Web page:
claire’s adventures in sourdoughland

After baking banneton

I’ve been promising to write up my lockdown-inspired introduction to sourdough for quite some time and as the gardening year draws to a close and the harvesting pressure is off, this is my moment. I have to confess that my inspiration came in the first instance from my son and daughter-in-law in Boston, who pointed me in the direction of a recipe they’d found online, after which I’ve followed my nose and adapted other online recipes – I’ll attempt to credit all the original sources as I go through and provide links to those pages.

I used to buy sourdough bread from my local wholefood shop or the deli in my village every few weeks, freezing half as a whole loaf is far too much for one. They came from the renowned Lighthouse Bakery in Robertsbridge, just down the road (now sadly no more since lockdown) or Judges Bakery in Hastings – and were delicious. I’d never thought of baking my own, thinking it sounded far too much faff, and in any event, I have a breadmaker (Panasonic – probably 20 years old and counting!), and am very happy with the bread it produces, usually overnight. I also use it with great success to make dough for focaccia, individual bread rolls and Stollen.

However, come the Covid lockdown back in March/April and suddenly we were facing restrictions: not only flour, but also yeast suddenly became really hard to get hold of. I tend to use the Dove’s farm organic yeast, which lasts ages, but typically I was nearing the end of a pack when the restrictions took hold. I managed to get a couple of sachets in one online shop, but started to worry that I would run out – and having to buy supermarket bread was not the route I wanted to go down! My very kind neighbour managed to get hold of various kinds of flour for me via online millers, so that wasn’t a problem, but yeast was becoming an issue.

As I’ve mentioned before, my elder son, daughter-in-law and granddaughter ended up staying with me during lockdown. My daughter-in-law is gluten-intolerant, but can tolerate bakes made with spelt flour and sourdough seems to be fine too. Sourdough is based on natural yeasts in the air and in the flour, which multiply in the feeding process and make for a dough that’s easier to digest. Hardly surprising then that my thoughts turned to sourdough when the yeast shortage was at its height. If the pages of Instagram and Twitter were to be believed, the world and his wife seemed to be experimenting with sourdough and it was about time I joined the throng! My younger son had caught the bug (sourdough not corona, I hasten to add!) a few weeks earlier and sent me the recipe they’d used. Local friends very kindly (and in a socially distanced manner, of course) passed on some of their sourdough starter to get me going. We were off! If you haven’t got a friend you can beg some starter from, you can make your own by following these instructions: just be aware that it will take 4-5 days before you can use it in the recipe below (but well worth the wait!).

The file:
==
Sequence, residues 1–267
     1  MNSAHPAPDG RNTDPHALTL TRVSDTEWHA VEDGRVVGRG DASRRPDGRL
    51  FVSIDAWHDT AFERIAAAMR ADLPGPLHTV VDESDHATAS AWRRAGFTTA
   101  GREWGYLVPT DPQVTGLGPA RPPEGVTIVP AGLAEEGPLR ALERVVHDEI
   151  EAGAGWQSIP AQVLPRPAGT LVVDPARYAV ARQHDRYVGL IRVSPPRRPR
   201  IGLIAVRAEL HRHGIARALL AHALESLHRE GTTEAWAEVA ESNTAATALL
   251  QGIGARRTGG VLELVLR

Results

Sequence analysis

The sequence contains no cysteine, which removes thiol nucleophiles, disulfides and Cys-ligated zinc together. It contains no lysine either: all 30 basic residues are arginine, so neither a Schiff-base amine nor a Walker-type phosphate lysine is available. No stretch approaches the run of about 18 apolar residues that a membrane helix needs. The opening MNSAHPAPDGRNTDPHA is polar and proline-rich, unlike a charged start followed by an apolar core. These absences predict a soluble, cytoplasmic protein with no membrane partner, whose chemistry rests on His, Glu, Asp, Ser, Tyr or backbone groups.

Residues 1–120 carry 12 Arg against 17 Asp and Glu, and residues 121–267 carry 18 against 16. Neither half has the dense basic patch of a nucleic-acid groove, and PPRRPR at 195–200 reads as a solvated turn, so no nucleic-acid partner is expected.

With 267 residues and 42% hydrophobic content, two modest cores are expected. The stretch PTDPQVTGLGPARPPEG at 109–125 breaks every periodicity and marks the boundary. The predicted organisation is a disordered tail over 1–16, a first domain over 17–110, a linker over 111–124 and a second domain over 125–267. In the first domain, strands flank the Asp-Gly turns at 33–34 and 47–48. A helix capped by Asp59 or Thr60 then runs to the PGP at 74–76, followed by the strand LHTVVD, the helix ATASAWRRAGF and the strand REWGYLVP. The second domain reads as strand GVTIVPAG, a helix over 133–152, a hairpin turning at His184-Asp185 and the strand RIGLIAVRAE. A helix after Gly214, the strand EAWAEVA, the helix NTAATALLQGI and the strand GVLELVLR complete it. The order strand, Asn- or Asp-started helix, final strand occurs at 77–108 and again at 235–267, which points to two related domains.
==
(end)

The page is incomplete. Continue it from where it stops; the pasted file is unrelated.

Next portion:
Once you’ve got your starter, you can set to making your first loaf. I use this recipe from King Arthur Flour for no-knead sourdough bread, but I’m going to write it out again here for ease of reference and because I can include the tweaks and discoveries I’ve made in the process. Enjoy!

One thing to note before you start: this isn’t a quick process and planning is crucial. To have bread for Sunday lunchtime, you’ll need to start feeding the starter on Thursday evening. By Saturday evening your starter should be bubby and doubled in size, so you can make the dough and allow to rise overnight. On Sunday morning, you shape the dough, allow to rise one last time, score and bake – phew! It sounds a lot of effort, but once you’re into it, it really isn’t.

No-knead Sourdough Bread

50g bubbly, active starter (see first step below)
350g warm water
500g strong bread flour (+ extra to feed)
1 heaped tsp salt

If you’ve been given starter rather than making your own, you’ll need to feed it before starting your bread to make sure it is sufficiently bubbly and active. I store mine in the fridge between loaf-making sessions and it needs to be brought back to room temperature and fed before you can use it.

Feed the Starter

Starter doubling

I use a tall plastic freezer container with a lid, but you could just as easily use a glass jar. Weigh the empty container and keep a note of what it weighs, then add 50g starter, 50g flour (I often use spelt or wholemeal spelt, but good strong bread flour, preferably organic, is fine) and 50g lukewarm water. Mix together well (I find a mini spatula is best so you can move down the sides and get to the bottom) and put the lid on. Put a rubber band around the container to mark where the starter is (to help tell when it doubles).

Leave the container out on the work surface in a warm room. The next morning, it should have risen above the rubber band and be bubbly. Feed by weighing the container, taking off excess starter other than the weight of your container + 50g and adding flour and water as above. Repeat morning and night over a couple of days (usually 3-4 times in total) until it looks really bubbly and has doubled in size – hence the rubber band! Don’t, whatever you do, throw away the “discard” when you take the starter off. Keep in the fridge and use in sourdough discard recipes – sounds awful, but they are absolutely delicious: see below for some examples and links.